We have seen, in the previous section, that we can get a pretty decent voltage reference using a biased Zener diode circuit for a relatively reasonable cost. However, in this modern age of single supply, low voltage and low power operation, the traditional shunt-biased Zener diode circuit may not be appropriate. In essence, there are two restrictions to using a Zener that may prove untenable in modern circuit designs. These restrictions are as follows:

1. We need at least 10 mA of current to properly bias the Zener diode. Even this small current may be too large for some low power applications.

2. We have found the optimum Zener breakdown voltage is nominally 5.1 to 5.6 volts. This voltage is too high in the era of 1.8 volt or 3.3 volt system operation.

To solve this problem, the silicon IC manufacturers introduced the band-gap reference many years ago. One of the most notable of these devices is the National Semiconductor LM336 device. This device operates in very nearly the same mode as a Zener diode. However, the reverse impedance of these devices is in the tenths of an ohm or less. Plus, these devices have the advantage of operating at very low power levels. These devices have a shunt voltage that can be ‘configured’ by the manufacturer to many voltage less than 3.3V.

Figure 7 shows a circuit realization of the LM336-2.5 shunt regulated reference. The advent of new, lower power precision OP-AMPS has made using the newer shunt regulated references very attractive.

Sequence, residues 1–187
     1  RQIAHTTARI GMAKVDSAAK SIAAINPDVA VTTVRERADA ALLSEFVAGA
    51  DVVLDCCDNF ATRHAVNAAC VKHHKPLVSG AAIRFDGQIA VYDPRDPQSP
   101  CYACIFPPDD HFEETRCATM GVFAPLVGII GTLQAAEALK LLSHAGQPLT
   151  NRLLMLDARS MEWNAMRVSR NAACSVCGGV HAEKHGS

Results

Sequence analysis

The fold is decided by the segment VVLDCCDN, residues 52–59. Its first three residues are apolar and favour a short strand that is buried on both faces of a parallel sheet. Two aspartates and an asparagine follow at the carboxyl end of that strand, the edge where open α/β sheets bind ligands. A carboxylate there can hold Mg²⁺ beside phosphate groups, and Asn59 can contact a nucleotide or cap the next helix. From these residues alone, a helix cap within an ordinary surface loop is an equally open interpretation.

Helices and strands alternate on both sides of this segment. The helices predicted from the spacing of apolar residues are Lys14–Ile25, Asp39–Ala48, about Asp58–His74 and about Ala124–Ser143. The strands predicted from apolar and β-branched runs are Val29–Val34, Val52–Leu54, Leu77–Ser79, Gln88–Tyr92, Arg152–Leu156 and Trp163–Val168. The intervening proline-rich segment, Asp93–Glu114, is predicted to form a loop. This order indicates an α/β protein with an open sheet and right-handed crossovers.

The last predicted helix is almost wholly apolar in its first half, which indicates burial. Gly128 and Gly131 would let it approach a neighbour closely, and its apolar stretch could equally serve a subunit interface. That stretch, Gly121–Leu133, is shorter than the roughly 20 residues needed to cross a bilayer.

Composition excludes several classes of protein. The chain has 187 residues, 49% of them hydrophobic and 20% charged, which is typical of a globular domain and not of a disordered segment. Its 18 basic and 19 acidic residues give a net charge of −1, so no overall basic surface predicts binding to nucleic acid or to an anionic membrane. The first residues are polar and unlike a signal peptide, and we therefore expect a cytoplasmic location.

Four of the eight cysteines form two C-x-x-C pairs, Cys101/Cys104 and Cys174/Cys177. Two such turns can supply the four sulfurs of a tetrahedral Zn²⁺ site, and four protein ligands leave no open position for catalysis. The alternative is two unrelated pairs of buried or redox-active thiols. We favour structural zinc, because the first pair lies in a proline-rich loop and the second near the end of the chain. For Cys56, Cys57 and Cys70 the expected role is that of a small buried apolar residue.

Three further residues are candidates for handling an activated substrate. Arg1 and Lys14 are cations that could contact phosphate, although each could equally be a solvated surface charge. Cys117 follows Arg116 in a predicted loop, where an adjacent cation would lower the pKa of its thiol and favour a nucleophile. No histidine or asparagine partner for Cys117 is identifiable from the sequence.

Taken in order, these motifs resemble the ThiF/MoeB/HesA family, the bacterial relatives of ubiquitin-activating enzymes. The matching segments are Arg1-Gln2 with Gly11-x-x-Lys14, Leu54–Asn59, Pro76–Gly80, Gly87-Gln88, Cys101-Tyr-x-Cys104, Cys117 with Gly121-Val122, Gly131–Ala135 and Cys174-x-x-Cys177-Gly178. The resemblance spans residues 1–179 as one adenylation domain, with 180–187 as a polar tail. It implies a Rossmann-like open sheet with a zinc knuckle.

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Figure 7: Using an LM336-2.5 as a low-power shunt voltage reference

Series voltage references
We can save considerable printed circuit board real estate by using a series voltage reference. The series voltage reference is wired up in the same way as a 3-terminal regulator. Many of these references are very accurate, precise, show good PSRR and reasonable in cost.

Table 1 shows a representative sample of the costs for a 2.5V series voltage references by different manufacturers. A quick look at this table shows that this option will cost you about $1.50 and change.

Table 1: A small sample of various 2.5v series voltage references

Manufacturers
In general, there are many effective ways to create a low-cost reference voltage with a reasonable level of performance. We have shown that even adding a simple resistor bias to a Zener diode can increase the PSRR by at least 20dB.

However, there are some problems with the biased Zener diode approach given the modern age of low-power, low-voltage operations. The most effective way to solve this problem is to go to any one of the linear manufacturers to purchase a dedicated voltage reference. Table 2 shows a summary of costs and comments for the various reference voltage generation methods.

Table 2

Ken Wada is president and owner of Aurium Technologies, an independent product design and consulting firm in California's Silicon Valley. Ken has over 25 years of experience architecting and designing high-tech products and systems, including the FASTRAK vehicle-sensing system for toll roads and bridges. His expertise includes industrial automation, biotechnology, and high-speed optical networks. Ken holds four patents. You may reach him at .